June 24, 2024


Tom Shales was a well-known American writer and television critic. He was a television critic for The Washington Post from 1977 to 2010, for which he received the Pulitzer Prize for Criticism in 1988.

He also wrote a column for the television news trade publication NewsPro, published by Crain Communications.

Tom Shales was the bard of the boob tube, a maestro of dissecting the highs and lows of television with wit and wisdom.

For over three decades, his pen wielded as potently as any remote control, shaping the national conversation about what flickered on our screens. He was the Pulitzer Prize-winning critic for The Washington Post, the guy who made us laugh while we pondered the brilliance of “Hill Street Blues” and the bewilderment of “Baywatch.”

His reviews weren’t just critiques; they were vibrant performances, pirouetting from poignant observations to hilarious send-ups. He could be a scold, chiding reality TV for its soul-sucking tendencies, or a cheerleader, championing the innovative storytelling of groundbreaking dramas.

But above all, he was a chronicler, documenting the evolution of television – from clunky sitcoms to the streaming gold rush – with an eye for both its artistic aspirations and its crass commercialism.

Shales wasn’t a TV snob. He reveled in the guilty pleasures of trash TV, finding humor in the absurd and pathos in the predictable.

He understood that television, in all its messy glory, was a shared experience, a campfire of flickering images that brought us together (even if we were laughing at different jokes).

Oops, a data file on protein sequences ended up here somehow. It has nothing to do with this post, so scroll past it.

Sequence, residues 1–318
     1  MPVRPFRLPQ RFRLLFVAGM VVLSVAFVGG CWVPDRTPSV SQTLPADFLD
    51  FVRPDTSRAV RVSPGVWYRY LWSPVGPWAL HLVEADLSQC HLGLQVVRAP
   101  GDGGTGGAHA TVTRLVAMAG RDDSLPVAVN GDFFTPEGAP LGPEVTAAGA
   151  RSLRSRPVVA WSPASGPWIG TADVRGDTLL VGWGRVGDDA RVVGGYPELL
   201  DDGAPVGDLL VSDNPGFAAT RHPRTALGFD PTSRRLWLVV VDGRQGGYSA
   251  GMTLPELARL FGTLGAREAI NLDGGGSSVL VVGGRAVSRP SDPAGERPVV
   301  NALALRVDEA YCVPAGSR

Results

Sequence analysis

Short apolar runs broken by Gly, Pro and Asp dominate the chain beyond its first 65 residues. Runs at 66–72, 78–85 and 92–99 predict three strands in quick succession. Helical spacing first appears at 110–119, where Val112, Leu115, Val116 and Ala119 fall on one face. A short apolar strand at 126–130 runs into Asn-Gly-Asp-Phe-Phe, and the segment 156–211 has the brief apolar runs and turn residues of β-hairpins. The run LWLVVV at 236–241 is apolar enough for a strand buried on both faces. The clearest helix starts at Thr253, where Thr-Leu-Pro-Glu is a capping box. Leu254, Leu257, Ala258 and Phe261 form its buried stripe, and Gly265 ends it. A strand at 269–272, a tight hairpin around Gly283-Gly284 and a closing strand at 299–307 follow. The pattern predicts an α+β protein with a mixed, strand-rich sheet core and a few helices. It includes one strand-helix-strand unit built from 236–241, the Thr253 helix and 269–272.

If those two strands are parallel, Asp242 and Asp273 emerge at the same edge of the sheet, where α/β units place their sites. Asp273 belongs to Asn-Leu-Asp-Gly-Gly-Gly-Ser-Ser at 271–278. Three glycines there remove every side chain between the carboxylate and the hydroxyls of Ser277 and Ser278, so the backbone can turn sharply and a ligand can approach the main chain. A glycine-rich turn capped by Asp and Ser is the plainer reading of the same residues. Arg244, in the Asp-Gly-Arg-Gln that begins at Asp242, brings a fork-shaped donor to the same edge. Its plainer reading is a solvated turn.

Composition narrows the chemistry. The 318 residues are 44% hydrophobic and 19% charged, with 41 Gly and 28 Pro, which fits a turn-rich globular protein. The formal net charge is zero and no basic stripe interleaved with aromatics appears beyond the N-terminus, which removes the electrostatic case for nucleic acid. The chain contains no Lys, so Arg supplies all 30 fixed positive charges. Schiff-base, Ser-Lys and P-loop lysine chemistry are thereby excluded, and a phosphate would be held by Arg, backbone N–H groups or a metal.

Tom Shales died at the age of 79 from complications from COVID-19 and renal failure, said his caretaker, Victor Herfurth. He died on January 13th, 2023.

Tom Shales
Tom Shales

Did Tom Shales Have Kids?

The creator of the boob tube, Tom Shales, guarded his privacy like a remote control with white knuckles. It is unknown if his laughter reverberated through a house full of small horrors or if it stayed a solo sonata.

Though he was never the target of tiny critics at award ceremonies or saw school plays in progress, his writing gave rise to innumerable universes full of heartbreaking and humorous characters.

The question of his children was merely another channel to tune into, the one labeled “imagination.” He may not have constructed his own family fort, but he did construct innumerable castles in the air.



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